Posts Tagged ‘Buck Mountain’

Saturday, February 26, 2011

Essential Guidebooks: Adirondack Rock

When it comes to sheer number of routes one can take through the Adirondacks, rock climbing has got to have more opportunities than any other outdoor sport. Any guide that hopes to cover every single one is going to be a tome, and coming in at more than 670 pages, the newest edition of the seminal Adirondack climbing guide, Adirondack Rock, meets that description.

Adirondack Rock includes 242 cliff areas, many of which have never before been documented, and nearly 2,000 routes and variations. The guide’s authors, Jim Lawyer and Jeremy Hass, spent years visiting new and seldom visited climbs around the Adirondacks. Among the regions they turned their focus to was the Lake George basin, long neglected by regional climbing guides.

Because climbing around Lake George had not yet come to prominence, Don Mellior’s classic guide Climbing in the Adirondacks limited its coverage to the lake’s west side climbs at places like Rogers Rock, Deer Leap, and Tongue Mountain. But the Lake George’s east side has been attracting climbers in larger numbers in the past 15 years, to the point of playing host to the Southern Adirondack Rock Climbers Fest in 2010.

Adirondack Rock‘s chapter on the Lake George is impressive covering newly discovered and rediscovered areas like Pilot Knob (Stewart’s Ledge, The Brain), Buck Mountain (Upper Buck, New Buck), Sleeping Beauty, Gull Pond Cliff, Pharaoh Mountain, Barton High Cliffs, and more. Directions, warnings, access, accommodations are all included. There are full route descriptions in an easy-to-read, comprehensive format, aerial photos with route lines, approach maps, and cliff topos. GPS coordinates of every cliff and parking area are provided. Boulderers are not neglected, with six bouldering areas with 350 problems included.

Supporting all the technical aspects are short histories of the routes, an Adirondack climbing chronology and geology notes, almost 200 photos, drawings and paintings and 21 essays written by prominent Adirondack climbers. The forward is by Don Mellor, with a French foreword by Loïc Briand.

You can get a copy of Adirondack Rock online.

Almanack contributor Alan Wechsler wrote about climbing at Shelving Rock in October 2010. Alan also wrote a piece in 2007 while the guidebook was being written for Adirondack Explorer [pdf].

You can read all of Adirondack Almanack‘s coverage of local climbing by writers like Jay Harrison, Phil Brown, and Alan Weschler here.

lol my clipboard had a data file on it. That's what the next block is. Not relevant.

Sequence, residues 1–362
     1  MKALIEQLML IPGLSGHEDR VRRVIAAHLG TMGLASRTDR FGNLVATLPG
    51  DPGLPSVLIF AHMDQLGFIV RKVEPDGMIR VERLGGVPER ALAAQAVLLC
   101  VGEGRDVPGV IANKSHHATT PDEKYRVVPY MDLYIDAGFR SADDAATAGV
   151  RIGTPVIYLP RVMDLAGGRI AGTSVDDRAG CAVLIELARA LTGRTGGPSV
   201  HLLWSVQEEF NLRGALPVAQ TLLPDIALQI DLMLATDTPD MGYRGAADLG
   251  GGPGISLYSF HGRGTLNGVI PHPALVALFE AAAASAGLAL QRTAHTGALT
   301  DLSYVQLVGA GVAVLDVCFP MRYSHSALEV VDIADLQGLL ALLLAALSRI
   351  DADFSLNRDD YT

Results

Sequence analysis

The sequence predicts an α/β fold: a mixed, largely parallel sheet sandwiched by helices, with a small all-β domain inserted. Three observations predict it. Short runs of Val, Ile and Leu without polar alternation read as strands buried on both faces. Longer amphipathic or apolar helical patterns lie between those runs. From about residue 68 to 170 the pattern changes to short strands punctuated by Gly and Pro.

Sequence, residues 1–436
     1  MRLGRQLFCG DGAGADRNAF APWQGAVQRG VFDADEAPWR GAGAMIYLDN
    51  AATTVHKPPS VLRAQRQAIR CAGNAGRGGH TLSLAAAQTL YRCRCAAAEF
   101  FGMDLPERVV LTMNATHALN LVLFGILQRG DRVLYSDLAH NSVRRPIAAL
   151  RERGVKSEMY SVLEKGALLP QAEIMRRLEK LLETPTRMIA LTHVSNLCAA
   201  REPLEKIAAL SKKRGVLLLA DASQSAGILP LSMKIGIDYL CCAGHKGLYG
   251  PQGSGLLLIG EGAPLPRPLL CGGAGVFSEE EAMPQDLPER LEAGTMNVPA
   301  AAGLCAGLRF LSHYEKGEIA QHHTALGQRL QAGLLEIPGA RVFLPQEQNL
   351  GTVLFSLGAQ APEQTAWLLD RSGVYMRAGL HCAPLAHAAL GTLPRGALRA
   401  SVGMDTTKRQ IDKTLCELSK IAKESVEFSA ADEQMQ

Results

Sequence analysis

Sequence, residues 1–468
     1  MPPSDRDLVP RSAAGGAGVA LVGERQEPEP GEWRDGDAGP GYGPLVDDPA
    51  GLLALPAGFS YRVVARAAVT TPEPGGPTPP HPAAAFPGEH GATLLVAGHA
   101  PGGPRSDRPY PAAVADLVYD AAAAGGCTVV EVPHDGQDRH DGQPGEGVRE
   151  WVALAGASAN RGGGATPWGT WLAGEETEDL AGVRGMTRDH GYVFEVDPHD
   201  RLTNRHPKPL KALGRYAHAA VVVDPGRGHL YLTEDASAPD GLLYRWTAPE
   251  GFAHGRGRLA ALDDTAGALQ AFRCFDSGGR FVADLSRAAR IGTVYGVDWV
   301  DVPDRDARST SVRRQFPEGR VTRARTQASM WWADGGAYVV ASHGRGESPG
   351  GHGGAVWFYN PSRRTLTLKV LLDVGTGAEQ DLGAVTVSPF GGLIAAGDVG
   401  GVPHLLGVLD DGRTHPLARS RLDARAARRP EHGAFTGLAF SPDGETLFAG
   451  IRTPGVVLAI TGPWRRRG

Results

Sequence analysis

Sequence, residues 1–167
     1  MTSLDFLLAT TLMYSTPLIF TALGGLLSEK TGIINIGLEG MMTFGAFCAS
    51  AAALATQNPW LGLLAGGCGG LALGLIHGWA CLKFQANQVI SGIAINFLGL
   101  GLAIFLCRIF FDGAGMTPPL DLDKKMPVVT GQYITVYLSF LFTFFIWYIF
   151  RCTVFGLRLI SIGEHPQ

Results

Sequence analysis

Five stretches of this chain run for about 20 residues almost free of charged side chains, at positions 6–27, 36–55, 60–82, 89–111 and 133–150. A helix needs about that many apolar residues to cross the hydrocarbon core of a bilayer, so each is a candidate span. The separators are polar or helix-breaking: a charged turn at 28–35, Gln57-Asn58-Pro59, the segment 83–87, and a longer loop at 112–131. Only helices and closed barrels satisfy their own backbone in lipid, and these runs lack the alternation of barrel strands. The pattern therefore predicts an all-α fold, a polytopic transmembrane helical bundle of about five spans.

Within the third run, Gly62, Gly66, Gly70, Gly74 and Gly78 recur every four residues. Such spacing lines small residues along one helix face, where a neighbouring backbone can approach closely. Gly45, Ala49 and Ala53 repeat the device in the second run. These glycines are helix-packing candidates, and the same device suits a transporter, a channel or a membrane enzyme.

Note: Books noticed on this site have been provided by the publishers.

Monday, May 10, 2010

Rogers Rangers Challenge Triathlon Set For June 13th

The Rogers Rangers Challenge has been resurrected by its original co-founder, Dr. Dave Bannon and Rogers Island Visitors Center. The original Challenge began in 1991 and ended in 2001. The run, paddle, bike triathlon starts at the Hogtown trailhead on Buck Mountain in the Town of Fort Ann at 8:00 am on Sunday June 13th. Registration for the Challenge is due by May 23rd. This race is dedicated to the memory of Major Robert Rogers and his Independent Company of Rangers who lived on Rogers Island at Fort Edward during the French and Indian War.

A 7-½ mile run starts at the Hogtown trailhead over Buck Mountain and ends at the Fort Ann Beach on Lake George. The 3-mile canoe/kayak goes from the beach to Dome Island on the lake and back to the beach where the bike trek starts. The bike portion of the race winds through beautiful Washington County and ends at Rogers Island Visitors Center on Rogers Island in Fort Edward.

This event can be done as a team or individually. Although it is not required entrants are encouraged to dress in period clothing. Eileen Hannay, manager of Rogers Island Visitors Center, explains: “The event is quite unique. Racers will find French & Indian War and Native American reenactors along the route as they experience some of the challenges the terrain offered Rogers Rangers more than 250 years ago.”

Mark Wright, one of the original co-founders and an Army Major will be coming from Maine to participate in the challenging event. Dr. Bannon explains: “The most difficult part of this triathlon is the run down Buck Mountain towards Fort Ann Beach. The going is steep and rough with many obstacles.”

Registration forms can be found at For more information call Rogers Island Visitors Center at 518-747-3693.

The Rogers Rangers Challenge is sponsored by: Adirondack Trust Company, Ferring Pharmaceuticals, Glens Falls National Bank and The Anvil Inn Restaurant. Proceeds for this event benefit Rogers Island Visitors Center.